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"The Four Year Hunt"
Written by Justin Paola

Justin's Big Buck
Justin's buck is a 30-inch 4x4, netting 182 1/8 B&C
My first encounter with this deer was while hunting four years ago. We were getting our four-wheelers ready and warmed up when I happened to look up on the hill and saw something move in the moonlight. It was still about 45 minutes before light, but I could still make out images from the moonlight. I put my field glasses up towards the movement and I saw it was a buck feeding on top of the mountain. I couldn't tell how big he was in the darkness because he was about 500 yards away, but I could tell he had a large set of antlers!

Once it was light enough to see, we headed up the dirt road to where we last saw the buck. We then headed over a small knoll on foot. As we reached the top, we belly crawled the last few feet and peaked over the edge and there stood four bucks looking in our direction. They were only about 75 yards away, but had us pinned! All four bucks were four points in the 22" to 26" range. We were looking for something a little bigger, so we watched them trot over the next hill. After they were gone, just as we were standing up, we spotted two more bucks at the bottom of the hill. When they spotted us, they took off running up the hill. Both were also four points, and one was definitely much larger than all the others we had just seen. I put my gun up and tried to find him in the scope, but they were moving too fast and there were too many trees. We watched him top the hill and when he was sky-lined, he looked even bigger. That was last we saw him for the rest of the season. We saw the other four, smaller bucks, but the big one had vanished.

The following two years found me scouting and hunting for that big buck, and though I saw him several times while both scouting and hunting, I was never able to connect. I did get a shot the third year, but missed high.

The fourth year found me again scouting the area weeks in advance, hoping to locate the big buck. Three weeks before the opener, he appeared. And, as in years past, he was feeding on the same hillside. Again, I was very excited for the upcoming hunt.

Opening day came and it was the same scenario as the previous years. When we got to the hill, three bucks were standing there looking at us, but not the one we were after. These were the same three bucks that were with him three weeks earlier before the season. I guess the big bucks don't get as big as they do by being dumb. We hunted the rest of the day without seeing another buck.

On day two, we found him! The problem was that they were all on top of the hill and when we stopped, they ran over without giving us a chance for a shot. Now you might be wondering why we didn't go after him after he went over the hill, well, over the hill is a steep decline down to a fence that they jump and enter a piece of property that we cannot enter. So, we usually watch them go into this land and bed down for the day in the tall sagebrush. It was like they knew we couldn't go in there.

Back at camp, Dad and I discussed the last four years of events and decided that there had to be a better way to get at these bucks. We decided to give our normal style one last chance, and then we would try something new.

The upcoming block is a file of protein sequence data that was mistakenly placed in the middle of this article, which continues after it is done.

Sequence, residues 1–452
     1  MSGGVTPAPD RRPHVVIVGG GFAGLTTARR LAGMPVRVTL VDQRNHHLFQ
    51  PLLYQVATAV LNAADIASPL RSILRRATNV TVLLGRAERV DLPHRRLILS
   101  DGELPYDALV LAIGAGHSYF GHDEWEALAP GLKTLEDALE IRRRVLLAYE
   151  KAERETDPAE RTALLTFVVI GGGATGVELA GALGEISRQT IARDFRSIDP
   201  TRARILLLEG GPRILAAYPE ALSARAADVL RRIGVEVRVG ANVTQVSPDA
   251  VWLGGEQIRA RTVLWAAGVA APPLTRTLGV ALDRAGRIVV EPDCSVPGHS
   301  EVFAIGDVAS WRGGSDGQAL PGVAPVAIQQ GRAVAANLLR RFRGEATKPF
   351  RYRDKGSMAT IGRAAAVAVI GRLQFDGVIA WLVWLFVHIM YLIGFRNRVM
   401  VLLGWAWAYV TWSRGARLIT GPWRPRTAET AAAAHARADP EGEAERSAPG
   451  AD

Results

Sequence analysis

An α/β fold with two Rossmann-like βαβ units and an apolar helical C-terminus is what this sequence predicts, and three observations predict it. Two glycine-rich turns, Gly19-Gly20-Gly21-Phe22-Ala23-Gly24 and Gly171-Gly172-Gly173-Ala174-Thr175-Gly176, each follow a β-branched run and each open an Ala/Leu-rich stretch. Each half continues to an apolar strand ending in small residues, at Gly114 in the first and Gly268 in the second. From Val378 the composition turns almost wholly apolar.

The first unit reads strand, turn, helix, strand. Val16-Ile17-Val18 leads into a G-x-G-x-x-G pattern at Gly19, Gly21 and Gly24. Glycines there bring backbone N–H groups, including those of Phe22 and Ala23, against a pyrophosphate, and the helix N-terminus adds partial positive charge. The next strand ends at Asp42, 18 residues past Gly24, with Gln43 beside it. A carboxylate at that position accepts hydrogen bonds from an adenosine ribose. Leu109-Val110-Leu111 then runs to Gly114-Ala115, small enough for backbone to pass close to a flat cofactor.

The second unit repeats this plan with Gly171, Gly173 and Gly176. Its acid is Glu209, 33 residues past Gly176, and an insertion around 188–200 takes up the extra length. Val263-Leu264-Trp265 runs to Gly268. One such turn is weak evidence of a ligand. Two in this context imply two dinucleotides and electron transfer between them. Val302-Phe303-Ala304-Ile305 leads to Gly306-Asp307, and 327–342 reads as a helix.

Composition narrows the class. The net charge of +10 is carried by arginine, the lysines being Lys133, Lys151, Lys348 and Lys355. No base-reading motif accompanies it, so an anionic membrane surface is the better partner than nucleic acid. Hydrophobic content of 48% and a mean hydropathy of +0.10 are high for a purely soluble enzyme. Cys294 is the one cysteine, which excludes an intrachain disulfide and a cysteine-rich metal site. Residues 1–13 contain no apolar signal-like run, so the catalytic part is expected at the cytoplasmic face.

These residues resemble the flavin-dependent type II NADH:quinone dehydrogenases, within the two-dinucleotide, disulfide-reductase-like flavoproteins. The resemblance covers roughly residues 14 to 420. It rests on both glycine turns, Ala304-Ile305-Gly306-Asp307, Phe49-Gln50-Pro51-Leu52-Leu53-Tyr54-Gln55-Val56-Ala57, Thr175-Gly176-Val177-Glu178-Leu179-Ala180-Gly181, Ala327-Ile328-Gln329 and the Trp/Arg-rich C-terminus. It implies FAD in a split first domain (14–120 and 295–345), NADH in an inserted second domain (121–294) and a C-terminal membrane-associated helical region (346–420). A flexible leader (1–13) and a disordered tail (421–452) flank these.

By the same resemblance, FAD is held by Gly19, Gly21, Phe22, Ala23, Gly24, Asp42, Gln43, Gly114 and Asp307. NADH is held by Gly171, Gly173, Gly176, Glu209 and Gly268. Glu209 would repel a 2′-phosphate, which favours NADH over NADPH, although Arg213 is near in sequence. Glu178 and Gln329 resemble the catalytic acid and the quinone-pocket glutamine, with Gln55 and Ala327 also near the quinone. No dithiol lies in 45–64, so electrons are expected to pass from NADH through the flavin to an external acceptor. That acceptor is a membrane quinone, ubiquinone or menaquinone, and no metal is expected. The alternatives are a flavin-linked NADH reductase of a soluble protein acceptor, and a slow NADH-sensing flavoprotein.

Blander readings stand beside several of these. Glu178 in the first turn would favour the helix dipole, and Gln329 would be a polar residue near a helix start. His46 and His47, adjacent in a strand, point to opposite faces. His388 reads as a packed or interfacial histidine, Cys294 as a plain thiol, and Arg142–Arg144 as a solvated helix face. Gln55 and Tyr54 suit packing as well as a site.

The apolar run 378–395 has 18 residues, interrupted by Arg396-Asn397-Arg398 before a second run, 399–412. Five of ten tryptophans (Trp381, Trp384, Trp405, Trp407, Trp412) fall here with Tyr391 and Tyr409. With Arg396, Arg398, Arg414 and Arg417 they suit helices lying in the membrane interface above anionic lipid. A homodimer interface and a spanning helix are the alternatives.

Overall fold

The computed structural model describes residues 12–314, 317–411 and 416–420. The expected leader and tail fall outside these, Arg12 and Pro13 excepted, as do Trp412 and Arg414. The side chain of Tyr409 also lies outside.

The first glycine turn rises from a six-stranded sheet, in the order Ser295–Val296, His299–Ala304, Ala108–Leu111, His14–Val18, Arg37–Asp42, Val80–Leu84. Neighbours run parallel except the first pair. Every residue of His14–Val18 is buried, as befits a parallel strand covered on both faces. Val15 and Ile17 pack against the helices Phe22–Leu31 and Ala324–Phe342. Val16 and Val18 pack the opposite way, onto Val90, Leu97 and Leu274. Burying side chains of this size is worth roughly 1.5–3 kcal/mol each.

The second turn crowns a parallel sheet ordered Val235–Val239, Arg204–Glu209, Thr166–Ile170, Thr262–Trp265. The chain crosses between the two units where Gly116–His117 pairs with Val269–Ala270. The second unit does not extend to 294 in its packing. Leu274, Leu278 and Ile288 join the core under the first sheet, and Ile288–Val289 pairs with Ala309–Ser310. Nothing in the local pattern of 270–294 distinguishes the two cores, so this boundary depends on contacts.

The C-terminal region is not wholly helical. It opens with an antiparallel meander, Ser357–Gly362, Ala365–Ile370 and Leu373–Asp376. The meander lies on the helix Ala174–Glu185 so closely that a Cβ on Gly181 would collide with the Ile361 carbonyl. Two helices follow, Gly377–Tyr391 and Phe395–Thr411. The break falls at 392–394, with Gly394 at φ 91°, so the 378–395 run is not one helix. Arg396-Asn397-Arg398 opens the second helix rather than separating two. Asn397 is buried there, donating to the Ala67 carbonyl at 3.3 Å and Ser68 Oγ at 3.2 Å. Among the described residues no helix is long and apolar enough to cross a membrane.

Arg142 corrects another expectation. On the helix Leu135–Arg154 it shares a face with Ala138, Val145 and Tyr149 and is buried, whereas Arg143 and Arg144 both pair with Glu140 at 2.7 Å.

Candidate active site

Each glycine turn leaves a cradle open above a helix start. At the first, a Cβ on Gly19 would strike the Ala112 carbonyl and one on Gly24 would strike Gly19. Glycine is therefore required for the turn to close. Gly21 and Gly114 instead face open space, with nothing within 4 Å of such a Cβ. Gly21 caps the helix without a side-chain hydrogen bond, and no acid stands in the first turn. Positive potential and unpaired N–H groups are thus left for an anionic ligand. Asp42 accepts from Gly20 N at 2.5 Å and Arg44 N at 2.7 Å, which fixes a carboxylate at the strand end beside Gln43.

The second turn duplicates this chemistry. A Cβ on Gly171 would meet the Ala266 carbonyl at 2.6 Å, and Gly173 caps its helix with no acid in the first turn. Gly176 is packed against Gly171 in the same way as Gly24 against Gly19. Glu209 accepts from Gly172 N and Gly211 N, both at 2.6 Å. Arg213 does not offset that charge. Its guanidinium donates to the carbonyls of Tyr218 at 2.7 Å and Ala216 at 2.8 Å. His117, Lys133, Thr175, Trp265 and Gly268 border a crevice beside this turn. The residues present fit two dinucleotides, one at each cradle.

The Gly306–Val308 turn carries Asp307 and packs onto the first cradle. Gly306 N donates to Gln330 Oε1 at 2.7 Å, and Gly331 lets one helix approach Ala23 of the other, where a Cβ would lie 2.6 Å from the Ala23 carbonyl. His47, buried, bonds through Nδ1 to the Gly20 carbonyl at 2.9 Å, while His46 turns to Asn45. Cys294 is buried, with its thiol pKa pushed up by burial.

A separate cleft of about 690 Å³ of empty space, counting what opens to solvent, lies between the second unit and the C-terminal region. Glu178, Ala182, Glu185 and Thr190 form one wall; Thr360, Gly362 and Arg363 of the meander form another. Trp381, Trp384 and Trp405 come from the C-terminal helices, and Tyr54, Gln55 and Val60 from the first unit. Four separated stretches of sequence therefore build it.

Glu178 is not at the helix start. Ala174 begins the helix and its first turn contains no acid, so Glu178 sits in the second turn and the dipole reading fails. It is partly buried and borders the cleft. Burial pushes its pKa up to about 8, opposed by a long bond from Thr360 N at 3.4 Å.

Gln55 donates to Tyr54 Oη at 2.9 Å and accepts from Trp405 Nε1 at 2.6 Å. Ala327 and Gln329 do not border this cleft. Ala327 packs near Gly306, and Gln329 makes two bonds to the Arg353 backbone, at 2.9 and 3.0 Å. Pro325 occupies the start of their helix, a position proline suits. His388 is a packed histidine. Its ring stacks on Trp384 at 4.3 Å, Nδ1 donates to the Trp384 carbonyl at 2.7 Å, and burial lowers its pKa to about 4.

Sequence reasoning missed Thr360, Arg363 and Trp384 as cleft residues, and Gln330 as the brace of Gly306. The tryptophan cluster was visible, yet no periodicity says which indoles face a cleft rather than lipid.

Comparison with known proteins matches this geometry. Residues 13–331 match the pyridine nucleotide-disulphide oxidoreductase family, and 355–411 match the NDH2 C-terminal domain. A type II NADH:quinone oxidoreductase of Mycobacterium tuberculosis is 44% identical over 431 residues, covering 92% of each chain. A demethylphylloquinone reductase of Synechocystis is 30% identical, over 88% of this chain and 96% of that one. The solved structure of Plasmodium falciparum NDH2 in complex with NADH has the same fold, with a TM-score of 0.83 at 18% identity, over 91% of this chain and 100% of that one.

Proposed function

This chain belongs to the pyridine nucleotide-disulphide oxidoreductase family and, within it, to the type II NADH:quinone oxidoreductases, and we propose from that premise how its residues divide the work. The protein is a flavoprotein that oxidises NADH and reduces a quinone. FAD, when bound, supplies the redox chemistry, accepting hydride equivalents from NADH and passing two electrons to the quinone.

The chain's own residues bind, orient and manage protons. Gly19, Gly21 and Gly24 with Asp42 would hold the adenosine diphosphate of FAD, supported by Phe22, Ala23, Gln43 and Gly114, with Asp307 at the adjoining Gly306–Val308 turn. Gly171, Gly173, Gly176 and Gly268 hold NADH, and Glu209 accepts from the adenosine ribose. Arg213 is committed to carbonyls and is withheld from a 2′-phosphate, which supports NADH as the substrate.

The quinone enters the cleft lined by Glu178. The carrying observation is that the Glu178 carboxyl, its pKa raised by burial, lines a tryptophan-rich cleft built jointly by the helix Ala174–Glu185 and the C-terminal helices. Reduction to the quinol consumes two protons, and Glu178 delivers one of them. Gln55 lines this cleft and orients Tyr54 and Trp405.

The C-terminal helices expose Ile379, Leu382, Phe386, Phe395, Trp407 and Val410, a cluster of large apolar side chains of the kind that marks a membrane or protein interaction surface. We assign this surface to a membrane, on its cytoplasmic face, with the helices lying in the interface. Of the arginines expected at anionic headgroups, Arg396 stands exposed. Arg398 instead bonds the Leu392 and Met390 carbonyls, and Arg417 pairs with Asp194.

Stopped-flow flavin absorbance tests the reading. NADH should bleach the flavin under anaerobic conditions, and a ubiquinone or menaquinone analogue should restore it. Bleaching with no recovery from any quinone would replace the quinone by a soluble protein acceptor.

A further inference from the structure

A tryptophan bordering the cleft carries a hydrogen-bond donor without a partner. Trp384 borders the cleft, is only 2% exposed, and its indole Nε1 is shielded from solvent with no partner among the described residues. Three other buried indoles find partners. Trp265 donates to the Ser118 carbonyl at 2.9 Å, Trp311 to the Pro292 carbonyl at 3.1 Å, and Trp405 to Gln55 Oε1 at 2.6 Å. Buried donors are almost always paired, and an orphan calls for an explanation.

The next day we again saw the big buck, but again, he escaped. We needed a different plan!
That night we discussed our options and came to the conclusion that we needed to leave real early in the morning and hike up the backside of the hill and try to ambush them from above.

For two days we did this and didn't see a thing. We thought that maybe we had pushed them out of the area. Then it happened, on the third morning of trying our new tactic, three bucks came over a small rise and began feeding below us. The big one wasn't with them though. We were sitting there wondering what we were going to do when over that same small rise appeared two more bucks. It was the big one!

Dad whistled and the buck stopped, but right behind a big sagebrush bush that was in front of me blocking my view. I could hear him whisper, "Shoot. Shoot." I couldn't see him standing 100 yards from me. The other problem was that when my Dad whistled, the buck below us that was bedded down heard it and spun around to look where it came from. We were pegged! Luckily, the big buck continued up the hill towards us. He was coming up a little ravine where he was hidden from our view and all you could see were the tops of his antlers. He kept getting closer and closer as the buck below us was getting more nervous. Something had to be done, because that smaller buck below us was going to explode at any moment.
I jumped up and ran to the top of the ravine to try and get a shot at the buck. Bucks started running all over. The big buck saw me and headed straight for the fence. He had to cross a small opening that I might be able to get a couple shots off in. I was shooting straight down hill at a distance of about 40 yards. The first shot I took kicked up dust over his back. Again, I forgot to compensate for the rise of the bullet. I calmed down a little for the second shot and pulled the trigger. The buck didn't even flinch and jumped the fence.